I am designing a scr based digital battery charger for the first time and have successfully driven scr to provide 110V-DC from a 140V singe-phase transformer. 2 SCR-diode combination forms full bridge rectifier and each scr driven via gate driver controlled from software. Now my design needs to constantly maintain a 110VDC up-to 10Amps of current. To do this I have used a voltage divider feedback from output (470k+10K) and a PID controller combination which varies trigger angle of SCR (from 90degree to 180degree, every half cycle) to maintain the voltage (i.e. between 0A to 10A)

Software samples adc at every 10us and my PID controller runs every 1ms. When I tested with 40ohm rheostat as load, it is working but not to my expectation. The problem is if I draw more current voltage first dips down and then after few seconds(2-3sec) pulls back-up OR if I suddenly increase the resistance, voltage shoots up (which is very scary) then eventually comes down to desired 110V.

I have seen analog SCR based PCB that maintain the voltage as if voltmeter is stuck at 110V display no matter the load. I want to show similar output from a digital controlled design. So if any one has tried this and achieved immediate control using PID please provide hints.

Please note that I have ensured common things like,

  1. SCR target trigger pulse decided by PID is generated from software exactly at the right time from zero crossing (0.1us resolution).
  2. Have tried to maintain minimum delay in voltage feedback using lesser capacitance values (although the feedback is isolted using opto, but its propagation delay is lesser than PID loop)
  3. Tried for 10-15 day and nights for fine tuning PID Kp, Ki, Kd terms and read all theory related to it.
  4. I just feel the problem with software is that even though PID loop runs every 1 ms, SCR can be triggerred only at every 10ms (due to 50Hz AC). So eventually PID input will have a delay of 10ms before it realize the result of last set value. So when I try running PID every 5,10,15,20 ms. But still 2-3 seconds dip or shoot is inevitable. But if this was the case, how analog SCR charger PCB achieving it?
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    \$\begingroup\$ Sounds like your PID isn't tuned well (too large I-gain, too low P-gain). Can you post a time plot of your step responses? \$\endgroup\$
    – Sim Son
    Commented Dec 6, 2021 at 15:26
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    \$\begingroup\$ Makes no sense to have 1ms PID loop if the new output value is acting after 10ms only. Then you are regulating a ripple. I would set PID loop to 20ms or more. \$\endgroup\$
    – user208862
    Commented Dec 6, 2021 at 16:02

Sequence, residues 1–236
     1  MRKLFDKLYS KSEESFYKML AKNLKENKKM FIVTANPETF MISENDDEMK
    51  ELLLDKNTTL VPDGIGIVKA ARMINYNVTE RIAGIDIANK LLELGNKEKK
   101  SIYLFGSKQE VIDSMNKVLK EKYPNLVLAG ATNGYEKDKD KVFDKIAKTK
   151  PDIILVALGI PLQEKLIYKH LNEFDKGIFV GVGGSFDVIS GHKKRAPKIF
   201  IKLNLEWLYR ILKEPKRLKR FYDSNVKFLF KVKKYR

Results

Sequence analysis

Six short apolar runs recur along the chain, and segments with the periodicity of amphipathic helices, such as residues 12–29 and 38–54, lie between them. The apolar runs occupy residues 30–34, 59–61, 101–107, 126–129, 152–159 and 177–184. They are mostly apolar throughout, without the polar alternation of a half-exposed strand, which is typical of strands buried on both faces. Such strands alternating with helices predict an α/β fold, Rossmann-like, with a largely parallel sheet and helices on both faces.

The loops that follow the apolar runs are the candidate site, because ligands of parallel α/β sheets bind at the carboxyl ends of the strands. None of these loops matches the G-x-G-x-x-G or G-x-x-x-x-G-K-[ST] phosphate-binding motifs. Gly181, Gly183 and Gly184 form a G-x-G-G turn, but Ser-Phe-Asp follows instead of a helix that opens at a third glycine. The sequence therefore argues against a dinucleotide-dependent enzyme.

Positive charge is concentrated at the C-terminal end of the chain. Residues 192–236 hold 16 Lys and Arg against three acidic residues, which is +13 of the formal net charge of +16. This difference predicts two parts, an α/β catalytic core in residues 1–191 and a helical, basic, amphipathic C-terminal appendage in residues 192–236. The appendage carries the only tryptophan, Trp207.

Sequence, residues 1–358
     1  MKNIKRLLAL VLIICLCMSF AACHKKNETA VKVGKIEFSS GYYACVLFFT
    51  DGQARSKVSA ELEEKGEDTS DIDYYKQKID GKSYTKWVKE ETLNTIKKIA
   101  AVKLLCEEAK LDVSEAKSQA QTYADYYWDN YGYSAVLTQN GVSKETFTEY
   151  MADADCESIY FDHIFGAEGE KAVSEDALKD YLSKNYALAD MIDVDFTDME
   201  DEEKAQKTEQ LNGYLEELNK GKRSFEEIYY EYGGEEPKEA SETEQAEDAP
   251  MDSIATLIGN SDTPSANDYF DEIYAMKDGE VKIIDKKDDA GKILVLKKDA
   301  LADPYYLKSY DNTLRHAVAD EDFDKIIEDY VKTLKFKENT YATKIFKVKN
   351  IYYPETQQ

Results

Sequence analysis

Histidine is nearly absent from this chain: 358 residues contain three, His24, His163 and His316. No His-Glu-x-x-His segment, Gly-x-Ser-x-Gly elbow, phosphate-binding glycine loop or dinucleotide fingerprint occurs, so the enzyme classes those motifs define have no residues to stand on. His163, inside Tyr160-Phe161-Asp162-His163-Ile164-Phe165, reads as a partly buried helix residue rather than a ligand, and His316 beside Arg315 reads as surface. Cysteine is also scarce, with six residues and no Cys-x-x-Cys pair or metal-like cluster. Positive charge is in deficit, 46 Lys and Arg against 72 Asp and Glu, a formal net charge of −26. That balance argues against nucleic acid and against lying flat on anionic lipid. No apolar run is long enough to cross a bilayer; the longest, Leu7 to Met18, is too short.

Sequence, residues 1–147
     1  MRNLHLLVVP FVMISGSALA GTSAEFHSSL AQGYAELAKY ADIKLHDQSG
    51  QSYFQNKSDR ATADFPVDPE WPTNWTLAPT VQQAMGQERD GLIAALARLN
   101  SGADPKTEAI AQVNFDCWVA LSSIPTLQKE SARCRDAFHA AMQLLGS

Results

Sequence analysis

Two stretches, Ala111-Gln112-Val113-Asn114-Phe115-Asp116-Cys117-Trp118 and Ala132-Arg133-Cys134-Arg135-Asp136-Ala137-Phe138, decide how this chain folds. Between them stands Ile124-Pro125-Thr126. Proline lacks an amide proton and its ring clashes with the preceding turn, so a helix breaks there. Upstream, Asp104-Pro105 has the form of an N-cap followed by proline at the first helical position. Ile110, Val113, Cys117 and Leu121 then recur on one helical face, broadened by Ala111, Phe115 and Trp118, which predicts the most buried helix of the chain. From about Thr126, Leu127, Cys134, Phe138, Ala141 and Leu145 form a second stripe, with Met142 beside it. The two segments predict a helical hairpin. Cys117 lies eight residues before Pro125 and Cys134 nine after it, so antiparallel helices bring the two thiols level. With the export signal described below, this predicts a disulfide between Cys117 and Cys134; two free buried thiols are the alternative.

• \$\begingroup\$ I'd set the PID loop to iterate once for every half-cycle; that way it'll at least be synchronized with what you can control. \$\endgroup\$
    – TimWescott
    Commented Dec 6, 2021 at 16:16
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    \$\begingroup\$ You probably need more proportional gain, you may need more output filtering, and to get the highest proportional gain you may need a nonlinear controller that takes the nonlinear nature of the SCR timing to output voltage into account. In addition to those step responses you've been asked for, please post a schematic, at least of your rectifier and output stage. \$\endgroup\$
    – TimWescott
    Commented Dec 6, 2021 at 16:19
  • \$\begingroup\$ Schematic please. \$\endgroup\$
    – Andy aka
    Commented Dec 6, 2021 at 17:48

1 Answer 1


Of course executing PID loop faster than actuator can follow leads to wrong computation of integral part, and D-part as well. It has to be determined if PID is actually the correct way. A system with L and R is suitable to be controlled with PI controller, this way all the motor controllers do work.

To have a very simple and reliable control, you should start with P-control. This is the closer approximation you are asking for :

I have seen analog SCR based PCB that maintain the voltage as if voltmeter is stuck at 110V display no matter the load.

The output RMS voltage is not linear to the phase angle, so you could use a specific inverse function to linearize the system. With this purely analytical approach you could know the phase angle "a priori" with known input supply volatge and the desired (setpoint) output voltage.

Then you measure the output voltage and apply only a slight correction, computed via P-controller. From here you can start doing PI, PID,...

  • \$\begingroup\$ Thanks for the answer. As I read through comments, I realized there is no other secret driving technique, but to tune the PID itself. So after investing 1-2hr daily on this finally able to achieve what I inteneded. Sorry for late reply, I felt posting schematic and discussing is of no use. My learning is that you gotta put effort until the feedback adc that you get is exactly the result of the previous phase angle that was decided by the SW to fire the SCR. It seems impossible but proper tuning in SW and HW(ensuring no-delay) will achieve this. \$\endgroup\$ Commented Dec 24, 2021 at 8:50

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